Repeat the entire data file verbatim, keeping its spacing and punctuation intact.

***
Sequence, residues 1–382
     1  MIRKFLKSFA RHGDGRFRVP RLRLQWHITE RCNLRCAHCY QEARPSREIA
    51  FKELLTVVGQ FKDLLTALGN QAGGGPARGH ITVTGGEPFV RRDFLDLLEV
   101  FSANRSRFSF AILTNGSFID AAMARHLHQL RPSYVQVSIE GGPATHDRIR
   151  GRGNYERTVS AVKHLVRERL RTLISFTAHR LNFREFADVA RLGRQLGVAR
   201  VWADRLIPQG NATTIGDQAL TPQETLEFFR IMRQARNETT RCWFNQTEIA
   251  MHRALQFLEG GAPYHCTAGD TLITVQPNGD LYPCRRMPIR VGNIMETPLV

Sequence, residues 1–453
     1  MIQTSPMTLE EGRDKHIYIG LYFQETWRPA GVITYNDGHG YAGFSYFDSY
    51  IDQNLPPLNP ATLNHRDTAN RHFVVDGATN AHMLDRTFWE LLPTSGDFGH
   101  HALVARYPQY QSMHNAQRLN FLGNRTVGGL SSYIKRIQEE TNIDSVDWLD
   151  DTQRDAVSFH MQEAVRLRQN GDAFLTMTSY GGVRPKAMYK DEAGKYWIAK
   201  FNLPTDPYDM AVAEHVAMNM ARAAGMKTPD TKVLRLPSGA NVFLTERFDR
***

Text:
Sequence, residues 1–382
     1  MIRKFLKSFA RHGDGRFRVP RLRLQWHITE RCNLRCAHCY QEARPSREIA
    51  FKELLTVVGQ FKDLLTALGN QAGGGPARGH ITVTGGEPFV RRDFLDLLEV
   101  FSANRSRFSF AILTNGSFID AAMARHLHQL RPSYVQVSIE GGPATHDRIR
   151  GRGNYERTVS AVKHLVRERL RTLISFTAHR LNFREFADVA RLGRQLGVAR
   201  VWADRLIPQG NATTIGDQAL TPQETLEFFR IMRQARNETT RCWFNQTEIA
   251  MHRALQFLEG GAPYHCTAGD TLITVQPNGD LYPCRRMPIR VGNIMETPLV

Sequence, residues 1–453
     1  MIQTSPMTLE EGRDKHIYIG LYFQETWRPA GVITYNDGHG YAGFSYFDSY
    51  IDQNLPPLNP ATLNHRDTAN RHFVVDGATN AHMLDRTFWE LLPTSGDFGH
   101  HALVARYPQY QSMHNAQRLN FLGNRTVGGL SSYIKRIQEE TNIDSVDWLD
   151  DTQRDAVSFH MQEAVRLRQN GDAFLTMTSY GGVRPKAMYK DEAGKYWIAK
   201  FNLPTDPYDM AVAEHVAMNM ARAAGMKTPD TKVLRLPSGA NVFLTERFDR